I think this is the first birthday where I’ve wanted to cry. There was another that I associate with the news that I had cancer, but my day was technically over by then.
I’m being showered with more love today than I probably deserve, and I’m not even being self-deprecating. I’ve already gotten cards, gifts, phone calls, and more emails, Facebook posts and Snapchat messages than I can count, and the day is still quite young. Even notes from my eye doctor, dentist and financial planner. Plus, all — all — of the Snapchat photos were in goat face. (My volunteer work at a goat farm this year was epic!) That’s when you know people really love you. My baby called at midnight from her dorm and has messaged every way possible, even though she’ll be home later today. My beautiful exchange-student daughter threw herself at me. My 15-year-old has been decidedly un-snarky. Of course, doggie kisses. And, I woke to roses from my husband. Also cool? I share my birthday with my little sister who is amazing (and she won’t even see this!).
On top of that, there was breakfast: a chocolatey “granola” bar (yes, I get the irony), jalapeño Cheetos and a Diet Coke Lime. It’s not like I hit this ripe old age without taking good care of myself! Dinner will be even better. In a little bit I’ll run several miles, in preparation for a half marathon this weekend. It’s at the beach, so more fun yet.
This is my first year on Medium, and it’s definitely been a highlight — even better than the goats. The amazing prose and poetry of walkerjojones, the heart and soul of Tremaine L. Loadholt, the über love of Wild Flower, Colette and Anna Now, the insights of Deborah Foster and alto, the fire of Classical Sass, Meg Barclay and Ezinne Ukoha, the uncompromising truths of H. Nemesis Nyx and Jules, the powerful observations of Jason Stelzner, Zelda Pinwheel, Abbie… I could go on and on, and not being on this list is absolutely no indication that I love you any less! Equally important, I’m starting to find my own voice again after years of marketing speak.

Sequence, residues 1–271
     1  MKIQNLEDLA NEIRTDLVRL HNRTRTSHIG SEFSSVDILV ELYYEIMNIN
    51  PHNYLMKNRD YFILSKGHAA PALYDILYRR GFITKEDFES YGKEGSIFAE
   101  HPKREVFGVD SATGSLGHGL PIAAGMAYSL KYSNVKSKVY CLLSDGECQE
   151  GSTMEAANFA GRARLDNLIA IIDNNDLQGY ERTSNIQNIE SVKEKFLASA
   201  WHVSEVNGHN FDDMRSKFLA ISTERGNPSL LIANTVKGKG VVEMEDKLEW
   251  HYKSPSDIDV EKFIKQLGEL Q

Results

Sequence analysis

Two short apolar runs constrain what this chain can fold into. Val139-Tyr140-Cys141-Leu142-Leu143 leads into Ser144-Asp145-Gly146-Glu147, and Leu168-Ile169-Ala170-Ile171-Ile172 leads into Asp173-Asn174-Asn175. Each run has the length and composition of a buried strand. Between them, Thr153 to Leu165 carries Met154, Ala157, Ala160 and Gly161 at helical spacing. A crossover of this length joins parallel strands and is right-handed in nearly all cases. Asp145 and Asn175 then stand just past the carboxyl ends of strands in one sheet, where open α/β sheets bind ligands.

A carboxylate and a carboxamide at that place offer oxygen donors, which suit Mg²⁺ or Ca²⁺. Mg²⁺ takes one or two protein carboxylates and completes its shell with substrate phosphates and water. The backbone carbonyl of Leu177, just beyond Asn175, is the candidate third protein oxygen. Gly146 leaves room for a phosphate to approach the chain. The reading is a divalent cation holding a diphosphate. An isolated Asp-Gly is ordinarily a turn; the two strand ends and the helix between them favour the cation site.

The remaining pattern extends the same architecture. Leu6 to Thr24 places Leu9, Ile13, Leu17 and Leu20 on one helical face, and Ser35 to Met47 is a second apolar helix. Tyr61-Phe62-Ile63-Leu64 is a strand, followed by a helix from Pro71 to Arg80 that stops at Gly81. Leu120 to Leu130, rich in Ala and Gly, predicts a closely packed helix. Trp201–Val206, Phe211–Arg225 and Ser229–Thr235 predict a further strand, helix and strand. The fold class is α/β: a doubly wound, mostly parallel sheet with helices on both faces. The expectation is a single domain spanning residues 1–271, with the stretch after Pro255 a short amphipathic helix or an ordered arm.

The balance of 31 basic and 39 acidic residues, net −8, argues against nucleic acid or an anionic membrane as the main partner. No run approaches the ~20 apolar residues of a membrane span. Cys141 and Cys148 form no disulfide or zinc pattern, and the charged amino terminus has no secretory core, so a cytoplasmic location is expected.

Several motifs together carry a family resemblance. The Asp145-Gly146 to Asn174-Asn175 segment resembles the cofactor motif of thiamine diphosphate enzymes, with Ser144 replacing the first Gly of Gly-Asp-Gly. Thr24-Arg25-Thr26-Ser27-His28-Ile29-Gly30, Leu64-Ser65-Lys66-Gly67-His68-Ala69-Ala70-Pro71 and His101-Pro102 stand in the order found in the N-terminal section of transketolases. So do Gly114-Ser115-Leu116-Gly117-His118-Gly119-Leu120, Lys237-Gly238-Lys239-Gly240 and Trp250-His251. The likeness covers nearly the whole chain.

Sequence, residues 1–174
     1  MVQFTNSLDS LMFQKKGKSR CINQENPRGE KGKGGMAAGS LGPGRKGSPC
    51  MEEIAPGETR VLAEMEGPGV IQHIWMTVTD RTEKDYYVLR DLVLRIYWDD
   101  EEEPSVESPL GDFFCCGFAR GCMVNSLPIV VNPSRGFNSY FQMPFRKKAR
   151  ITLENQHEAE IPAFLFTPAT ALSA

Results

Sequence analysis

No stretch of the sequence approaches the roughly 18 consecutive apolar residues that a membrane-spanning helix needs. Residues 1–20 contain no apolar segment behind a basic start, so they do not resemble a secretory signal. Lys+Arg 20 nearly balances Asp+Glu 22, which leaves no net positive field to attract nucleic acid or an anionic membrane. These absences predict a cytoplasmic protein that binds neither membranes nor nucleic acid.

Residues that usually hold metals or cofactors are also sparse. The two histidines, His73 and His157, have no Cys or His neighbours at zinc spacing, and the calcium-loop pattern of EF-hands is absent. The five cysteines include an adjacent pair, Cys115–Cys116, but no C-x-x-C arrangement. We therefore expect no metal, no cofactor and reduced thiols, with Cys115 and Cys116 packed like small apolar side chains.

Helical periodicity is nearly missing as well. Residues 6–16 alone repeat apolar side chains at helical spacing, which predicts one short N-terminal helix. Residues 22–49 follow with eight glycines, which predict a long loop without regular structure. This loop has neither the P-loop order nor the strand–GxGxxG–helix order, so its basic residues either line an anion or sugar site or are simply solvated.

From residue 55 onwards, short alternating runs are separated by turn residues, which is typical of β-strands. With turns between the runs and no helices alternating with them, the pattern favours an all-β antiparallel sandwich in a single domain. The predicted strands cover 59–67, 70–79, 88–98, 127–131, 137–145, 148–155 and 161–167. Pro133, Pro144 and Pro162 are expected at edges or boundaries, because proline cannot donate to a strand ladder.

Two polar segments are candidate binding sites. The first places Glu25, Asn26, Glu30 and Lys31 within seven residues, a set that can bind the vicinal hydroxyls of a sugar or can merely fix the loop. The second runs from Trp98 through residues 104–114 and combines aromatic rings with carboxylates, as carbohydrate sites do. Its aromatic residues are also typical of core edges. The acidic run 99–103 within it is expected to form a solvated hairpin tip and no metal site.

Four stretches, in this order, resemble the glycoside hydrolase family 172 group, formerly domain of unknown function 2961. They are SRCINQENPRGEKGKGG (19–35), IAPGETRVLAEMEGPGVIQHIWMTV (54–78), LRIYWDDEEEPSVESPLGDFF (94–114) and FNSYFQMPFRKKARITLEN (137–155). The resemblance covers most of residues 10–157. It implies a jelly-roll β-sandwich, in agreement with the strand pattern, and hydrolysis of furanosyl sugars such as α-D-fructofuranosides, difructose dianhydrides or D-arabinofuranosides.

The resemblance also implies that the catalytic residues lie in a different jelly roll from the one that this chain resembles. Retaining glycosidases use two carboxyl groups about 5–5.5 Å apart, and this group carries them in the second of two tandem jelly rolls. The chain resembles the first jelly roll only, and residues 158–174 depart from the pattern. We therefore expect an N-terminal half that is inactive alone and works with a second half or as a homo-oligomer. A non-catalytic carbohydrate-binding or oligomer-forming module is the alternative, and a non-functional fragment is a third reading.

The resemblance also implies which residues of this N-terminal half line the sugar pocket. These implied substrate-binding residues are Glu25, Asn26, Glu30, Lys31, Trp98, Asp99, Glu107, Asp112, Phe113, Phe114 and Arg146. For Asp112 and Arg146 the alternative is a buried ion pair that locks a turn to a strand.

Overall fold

These aren’t the things that are making me want to cry. It’s the world seeing me as old, when I don’t feel even remotely different from thirty. Other than a tiny bit of neuropathy (damn chemo!), I seriously feel exactly the same. Why doesn’t the world treat me the same as it did then?
It really doesn’t help that my EX boss mentioned on occasion how it was best to hire people under 40: “They still want to learn.” Or when he encouraged me to hire an attractive woman because “She’ll look good with your customers.” The fact that he got fired was only small consolation, since I got laid off first. I didn’t think it would be a big deal because I’ve never had any issue finding a job before and I’m pretty decent at what I do. But now? Ageism. Yeah, there could also be other factors, but when it’s a quantum change from previous searches it’s highly suspicious. When the cute, youthful start-ups tell you that, sorry, they found somebody “more qualified,” as if that’s even possible. When your skill set could make the hiring manager look awesome but they assume it’s all too dated. When the phone doesn’t ring at all.
And other moments, of course. When you mention the race you just ran, and your coworker says “Oh I didn’t know you volunteered there!” The smile on the pimply clerk’s face when you’re buying wine and they ask for your birth date. The way that all of your kids’ friends call you Mom. (Okay, I lie — I like that part.)
I don’t mind being older at all. I’m living a great life, I look pretty fucking good if I say so myself, and my boobs don’t even sag (thank you, cancer!). But what is obvious with each passing year is that you are less relevant by mere dint of a number. The laugh lines tell people, you’re probably out of touch. If you put 30 years of experience on your resume, it doesn’t say damn she’s good but rather earns too much and is too close to retirement to be worth it. The most frequent mail is direct mail from frickin’ AARP (am I too old to get email?!). Your kids? Love you mom, but busy.
Okay, so I’m sitting around feeling sorry for myself on my birthday. It’s all right. Birthdays are a good time for some self-reflection. And I know I didn’t appreciate older people till I got there, myself. Perhaps being bit by karma now? But I do wonder what this says about or portends for our aging society (actually, it’s kind of ironic that you’re less employable after 50, until you get close to 70 and then you can run for president). Kids laugh off history, they assume we’re technologically clueless, they avoid grandparents. What happened to those wise old wrinkly shamans everyone looked up to? I’m available…
Enough musings for now. I have some more Cheetos to eat. Maybe some wine and chocolate. Peace out.